In my own personal tasting ” journey of discovery” and learning over the past couple of years I have found that our teas vary according to field, season, pruning cycle, type of tea planted and of course process and grading. There are a host of factors at work which come into play when any tea is created. For me, one of the most wonderful aspects of making tea by hand on a small scale such as ours is the creativity and subtlety involved in producing interesting teas that do vary throughout the year and not only during the flavoury season.

Apologies for my roundabout answer but coming back to your question, my answer is no, it is not a safe assumption that all loose leaf Ceylon teas on the North American market are harvested during the ” flavoury season” – far from it in fact. I would say that due to the lower volumes of these teas and increased demand they are only likely to be found in specialist tea stores where the owners/ buyers have taken a lot of time and care to source their teas and that you should also expect prices for these teas to increase accordingly.

MH: It has been hard to communicate to consumers that Dimbulla is best early in the year and the Uva season is later. Also tea is made all year long in Ceylon, not just the peak times. So it is up to tea buyers like myself and others to buy in the peak season, so the consumer does not have to worry about it.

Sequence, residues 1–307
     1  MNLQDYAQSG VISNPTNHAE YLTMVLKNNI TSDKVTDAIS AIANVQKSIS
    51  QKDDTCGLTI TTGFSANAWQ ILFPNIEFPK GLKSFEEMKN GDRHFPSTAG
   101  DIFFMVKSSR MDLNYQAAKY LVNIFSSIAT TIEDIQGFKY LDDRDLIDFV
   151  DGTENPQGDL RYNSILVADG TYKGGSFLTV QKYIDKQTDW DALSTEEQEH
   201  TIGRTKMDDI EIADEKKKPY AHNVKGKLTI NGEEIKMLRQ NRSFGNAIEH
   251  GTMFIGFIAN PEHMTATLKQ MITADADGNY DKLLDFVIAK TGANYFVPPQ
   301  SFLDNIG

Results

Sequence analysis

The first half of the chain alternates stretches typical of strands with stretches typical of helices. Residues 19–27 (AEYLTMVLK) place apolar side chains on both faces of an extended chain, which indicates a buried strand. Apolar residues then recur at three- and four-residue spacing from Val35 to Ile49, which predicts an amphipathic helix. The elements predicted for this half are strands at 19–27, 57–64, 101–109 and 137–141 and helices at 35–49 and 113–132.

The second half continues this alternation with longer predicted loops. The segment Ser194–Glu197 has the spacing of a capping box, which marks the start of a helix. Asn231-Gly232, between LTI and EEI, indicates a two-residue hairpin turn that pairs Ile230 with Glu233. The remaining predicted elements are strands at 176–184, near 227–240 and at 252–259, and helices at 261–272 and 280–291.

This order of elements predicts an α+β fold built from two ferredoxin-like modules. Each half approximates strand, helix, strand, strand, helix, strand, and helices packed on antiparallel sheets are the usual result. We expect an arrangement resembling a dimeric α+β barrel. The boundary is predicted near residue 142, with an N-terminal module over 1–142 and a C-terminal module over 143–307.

2. To what extent does higher elevation mean better tea? Are there exceptions?

MH: Of the low, medium and high-grown teas, the high-growns are very distinctive, especially the Wintergren notes found in peak season Uvas. But is that always the most desirable to the consumer? The teas from New Vithankande are low-grown but very, very nice. Also Kenilworth is not a high-grown tea, but we have many customers who are devoted to it.

BW: Generally speaking, and I am talking about black teas here, the height of elevation has a converse effect on the strength of the tea so the low grown teas tend to “pack a punch” but are a lot less subtle than the more delicate and complex mid and high-grown teas. However this doesn’t necessarily mean that one is better than the other. A lot is down to care taken over the processing regardless of elevation. For instance, Herman Gunaratne makes some of the best teas in Sri Lanka at Hundungoda Estate, which is at sea-level and only a few kilometres from the sea! It also depends on consumer tastes; low -teas often fetch a higher price at auction these days and a lot of this tea goes to the Middle Eastern market where people generally prefer a stronger brew.